The Canadian Prime Minister labels his Canadian critics American. Victims of an Indian disaster caused by a US firm may finally have a clean place to call home 28 years later. North Carolina lawmakers choose to legislate sea level changes with their heads in the sand. All that, and South Texas Spaceports, in this weeks’ Environmental Roundup for Texas, the Nation, and Beyond!
A week after an unmanned capsule, launched by SpaceX, became the first privately owned spacecraft to reach the International Space Station, a Texas environmental group, Environment Texas launched a campaign to prevent SpaceX from building a launch pad on coastal land surrounded by wildlife refuges near Brownsville. According to Environment Texas Director, Luke Metzger, “launching big, loud, polluting rockets from the middle of a wildlife refuge will scare the heck out of every creature within miles and spray noxious chemicals all over the place. It's a terrible idea and SpaceX needs to find another place for their spaceport.” The Texas Parks and Wildlife Department noted that the proposed site has “potential for significant contamination of very senstive resources in the event of a catastrophic event (i.e., hurricane),” is “extremely susceptible to wildfires,” and that the spaceport could cause the “loss of the function and value of all wetlands” in the area. You can sign Environment Texas’ petition here.
Private water wells are becoming the new status symbol for Austin’s elite residents. According to data from the Texas Water Development Board, Austinites have drilled 150 wells into the Edward’s Aquifer since 2006 and 46 last year alone. The wells cost $18,000 - $36,000 each and are generally used for unlimited lawn irrigation, not for consumption. They are not subject to city permits, since most of Travis County does not lie within a groundwater conservation district. Dick Aaron, General Manager of the Clearwater Underground Water Conservation District which manages groundwater under Bell County, told the Austin American Statesman “The trend concerns me. This is the most precious resource we have, so drilling for the sole purpose of landscape (watering) is philosophically a challenge for a lot of us.” Private well owners, such as Attorney General Greg Abbott enjoy the lower water bills these wells provide, but Travis County Commissioner Karen Huber calls them “a bit of a black hole in our water management in Texas. We don’t have any way to have any idea … how much water’s being pumped out of aquifers in Travis County.”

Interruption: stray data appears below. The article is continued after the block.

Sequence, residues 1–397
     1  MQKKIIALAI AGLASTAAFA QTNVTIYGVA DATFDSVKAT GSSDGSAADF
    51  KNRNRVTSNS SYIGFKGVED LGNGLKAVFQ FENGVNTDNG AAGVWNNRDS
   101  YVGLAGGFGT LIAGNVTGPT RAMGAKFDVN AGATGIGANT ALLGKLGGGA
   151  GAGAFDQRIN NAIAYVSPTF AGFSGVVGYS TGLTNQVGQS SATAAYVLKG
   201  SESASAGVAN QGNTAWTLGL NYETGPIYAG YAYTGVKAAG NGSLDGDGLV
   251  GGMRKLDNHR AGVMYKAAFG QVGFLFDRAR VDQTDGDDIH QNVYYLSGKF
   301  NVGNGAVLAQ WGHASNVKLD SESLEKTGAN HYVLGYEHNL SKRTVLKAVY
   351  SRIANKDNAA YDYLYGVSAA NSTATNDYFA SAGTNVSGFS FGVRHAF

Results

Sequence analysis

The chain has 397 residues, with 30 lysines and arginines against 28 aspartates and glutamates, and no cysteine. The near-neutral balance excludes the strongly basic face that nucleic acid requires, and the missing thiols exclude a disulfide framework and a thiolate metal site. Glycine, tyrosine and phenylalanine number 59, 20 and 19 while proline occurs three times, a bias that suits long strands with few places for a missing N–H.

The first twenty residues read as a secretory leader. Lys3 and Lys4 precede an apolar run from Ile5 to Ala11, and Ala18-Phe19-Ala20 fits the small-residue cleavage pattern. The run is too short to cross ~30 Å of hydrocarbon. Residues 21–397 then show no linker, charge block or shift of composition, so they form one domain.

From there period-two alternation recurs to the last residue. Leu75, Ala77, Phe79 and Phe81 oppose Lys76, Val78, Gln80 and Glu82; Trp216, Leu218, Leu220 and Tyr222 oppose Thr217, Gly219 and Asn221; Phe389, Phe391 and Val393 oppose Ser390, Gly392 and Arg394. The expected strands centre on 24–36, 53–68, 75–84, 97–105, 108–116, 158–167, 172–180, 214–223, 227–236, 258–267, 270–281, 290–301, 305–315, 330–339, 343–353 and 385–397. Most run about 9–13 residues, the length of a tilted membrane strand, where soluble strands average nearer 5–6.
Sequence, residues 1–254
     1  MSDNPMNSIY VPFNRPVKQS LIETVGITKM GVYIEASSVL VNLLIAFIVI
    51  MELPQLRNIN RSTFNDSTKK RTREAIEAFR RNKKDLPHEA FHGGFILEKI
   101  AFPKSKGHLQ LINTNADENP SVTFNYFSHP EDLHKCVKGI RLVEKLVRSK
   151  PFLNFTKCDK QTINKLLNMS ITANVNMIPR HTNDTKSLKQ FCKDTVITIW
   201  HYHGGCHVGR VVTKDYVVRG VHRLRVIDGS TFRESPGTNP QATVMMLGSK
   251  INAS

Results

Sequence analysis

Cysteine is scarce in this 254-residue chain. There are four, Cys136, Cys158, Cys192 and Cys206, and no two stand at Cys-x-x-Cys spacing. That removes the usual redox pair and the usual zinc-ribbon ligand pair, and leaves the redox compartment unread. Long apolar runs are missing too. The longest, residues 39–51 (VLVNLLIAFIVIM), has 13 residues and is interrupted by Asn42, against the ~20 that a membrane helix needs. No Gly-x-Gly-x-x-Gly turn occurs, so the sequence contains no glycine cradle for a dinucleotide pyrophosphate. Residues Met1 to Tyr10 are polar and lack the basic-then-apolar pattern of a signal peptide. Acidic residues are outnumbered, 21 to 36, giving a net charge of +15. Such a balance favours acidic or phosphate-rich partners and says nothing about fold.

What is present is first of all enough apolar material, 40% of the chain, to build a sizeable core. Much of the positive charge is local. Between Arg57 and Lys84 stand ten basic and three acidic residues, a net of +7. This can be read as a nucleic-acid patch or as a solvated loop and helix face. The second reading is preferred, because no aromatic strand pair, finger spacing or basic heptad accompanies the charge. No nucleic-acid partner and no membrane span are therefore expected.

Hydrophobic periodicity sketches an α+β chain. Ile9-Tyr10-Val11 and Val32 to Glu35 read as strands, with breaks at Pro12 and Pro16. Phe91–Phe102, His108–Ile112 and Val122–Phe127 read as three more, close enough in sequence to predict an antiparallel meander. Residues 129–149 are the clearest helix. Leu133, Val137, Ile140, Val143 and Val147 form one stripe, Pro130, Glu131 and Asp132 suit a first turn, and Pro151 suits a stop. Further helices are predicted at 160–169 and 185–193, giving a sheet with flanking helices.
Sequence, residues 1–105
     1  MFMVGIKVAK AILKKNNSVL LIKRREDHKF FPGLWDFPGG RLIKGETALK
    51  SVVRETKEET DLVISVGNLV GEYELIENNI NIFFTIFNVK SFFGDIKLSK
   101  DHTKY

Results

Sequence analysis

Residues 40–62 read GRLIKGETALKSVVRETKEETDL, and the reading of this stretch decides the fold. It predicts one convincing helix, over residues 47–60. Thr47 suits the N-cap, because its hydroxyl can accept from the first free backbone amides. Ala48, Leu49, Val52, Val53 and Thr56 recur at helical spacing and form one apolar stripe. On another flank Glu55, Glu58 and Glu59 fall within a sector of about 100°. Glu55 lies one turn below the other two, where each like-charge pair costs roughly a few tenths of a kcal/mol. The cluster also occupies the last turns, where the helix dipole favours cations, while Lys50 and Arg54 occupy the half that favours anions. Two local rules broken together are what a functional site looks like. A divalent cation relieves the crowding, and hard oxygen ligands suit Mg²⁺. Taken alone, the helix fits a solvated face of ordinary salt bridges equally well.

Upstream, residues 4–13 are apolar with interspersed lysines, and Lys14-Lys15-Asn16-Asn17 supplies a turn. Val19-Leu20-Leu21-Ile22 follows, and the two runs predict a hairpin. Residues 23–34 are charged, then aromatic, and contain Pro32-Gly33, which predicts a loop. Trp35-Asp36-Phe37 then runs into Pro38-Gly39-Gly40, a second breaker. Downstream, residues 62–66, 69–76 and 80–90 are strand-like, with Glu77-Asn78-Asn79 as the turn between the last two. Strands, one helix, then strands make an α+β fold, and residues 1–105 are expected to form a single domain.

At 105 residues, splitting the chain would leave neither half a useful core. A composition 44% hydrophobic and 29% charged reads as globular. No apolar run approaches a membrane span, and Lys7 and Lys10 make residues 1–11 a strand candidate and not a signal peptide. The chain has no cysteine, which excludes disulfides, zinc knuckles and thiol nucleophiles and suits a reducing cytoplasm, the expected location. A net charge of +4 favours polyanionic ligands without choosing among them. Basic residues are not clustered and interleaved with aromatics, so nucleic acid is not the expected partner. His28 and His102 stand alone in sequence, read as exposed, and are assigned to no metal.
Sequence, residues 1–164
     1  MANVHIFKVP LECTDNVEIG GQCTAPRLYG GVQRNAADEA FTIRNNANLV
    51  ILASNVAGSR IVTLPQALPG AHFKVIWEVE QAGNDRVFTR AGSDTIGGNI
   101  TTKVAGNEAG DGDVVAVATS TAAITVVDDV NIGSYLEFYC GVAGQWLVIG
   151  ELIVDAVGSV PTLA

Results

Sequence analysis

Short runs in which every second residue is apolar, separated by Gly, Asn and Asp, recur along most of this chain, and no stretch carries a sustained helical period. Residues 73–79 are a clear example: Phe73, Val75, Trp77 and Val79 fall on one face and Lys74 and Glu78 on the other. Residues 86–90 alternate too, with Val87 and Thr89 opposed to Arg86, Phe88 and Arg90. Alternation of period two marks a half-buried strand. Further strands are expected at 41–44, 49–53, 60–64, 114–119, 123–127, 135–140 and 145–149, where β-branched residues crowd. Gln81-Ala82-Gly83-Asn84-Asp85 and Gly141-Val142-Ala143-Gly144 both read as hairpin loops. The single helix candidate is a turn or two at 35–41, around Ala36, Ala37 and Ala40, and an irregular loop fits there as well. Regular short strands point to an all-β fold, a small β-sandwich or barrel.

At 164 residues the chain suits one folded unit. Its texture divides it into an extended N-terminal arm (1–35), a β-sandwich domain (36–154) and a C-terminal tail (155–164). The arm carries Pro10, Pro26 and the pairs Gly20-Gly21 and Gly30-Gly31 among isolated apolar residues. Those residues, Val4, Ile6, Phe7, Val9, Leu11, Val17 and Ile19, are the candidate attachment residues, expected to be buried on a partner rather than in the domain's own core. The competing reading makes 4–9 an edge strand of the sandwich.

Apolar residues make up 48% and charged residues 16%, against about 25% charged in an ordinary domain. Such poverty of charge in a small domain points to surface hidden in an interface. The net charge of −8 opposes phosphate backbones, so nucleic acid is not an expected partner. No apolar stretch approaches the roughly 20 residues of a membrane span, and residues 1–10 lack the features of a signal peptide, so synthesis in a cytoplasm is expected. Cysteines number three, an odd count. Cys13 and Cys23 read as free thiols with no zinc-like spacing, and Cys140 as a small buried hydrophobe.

In other bad news for the Edward’s Aquifer, extremely high levels of tetrachloroethene, a solvent used in dry cleaning, were detected in wells in north San Antonio. It is not known where the pollution came from, but the only method of cleaning it is to wait for it to dilute within the aquifer. San Antonio and the Edwards Aquifer Authority have one of the largest aquifer protection programs in the US with 120,000 acres protected from development, and an additional 90,00 acres the city hopes to protect in three to four years.
Scientists from Texas AgriLife Research have embarked on a three-year study to measure the effects of a large scale transition from intensive cotton farming in Texas to switchgrass and sorghum which would be used to power biomass power plants. According to the researchers, “the thought is that the second-generation biofuel feedstock systems will reduce the negative environmental effects associated with the conventional, intensively managed cropping systems currently in the region.” The largest biomass plant in the US is in Nacodoches, and sells its energy to Austin.
While the North Carolina Coastal Resources Commission (a state agency), and federal authorities predict that sea levels will rise by 1 meter by 2100, state lawmakers are considering a bill that would mandate that all development and emergency planning be based on “historic sea level” changes which show a 1.7mm rise per year since 1900 and a 3.17mm rise since 1993. According to these calculations, the sea should only rise about 8-15 inches by 2100. What is at stake, of course, is millions of dollars in potential revenue from lands that could be developed if the state accepts the low water mark, or would be condemned as a flood zone in the higher estimate. Ignoring rising seas could hinder transportation and emergency planning, and could cause insurance rates to rise. The N.C. Coastal Federation said that relying on historical trends is like “being told to make investment decisions strictly on past performance, and not being able to consider market trends and research.”